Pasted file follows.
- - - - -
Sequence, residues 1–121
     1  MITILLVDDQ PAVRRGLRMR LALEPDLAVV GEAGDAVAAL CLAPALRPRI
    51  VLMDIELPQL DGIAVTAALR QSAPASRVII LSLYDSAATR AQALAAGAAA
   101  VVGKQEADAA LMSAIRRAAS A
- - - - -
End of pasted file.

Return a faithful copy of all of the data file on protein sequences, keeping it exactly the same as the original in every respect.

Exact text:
Sequence, residues 1–121
     1  MITILLVDDQ PAVRRGLRMR LALEPDLAVV GEAGDAVAAL CLAPALRPRI
    51  VLMDIELPQL DGIAVTAALR QSAPASRVII LSLYDSAATR AQALAAGAAA
   101  VVGKQEADAA LMSAIRRAAS A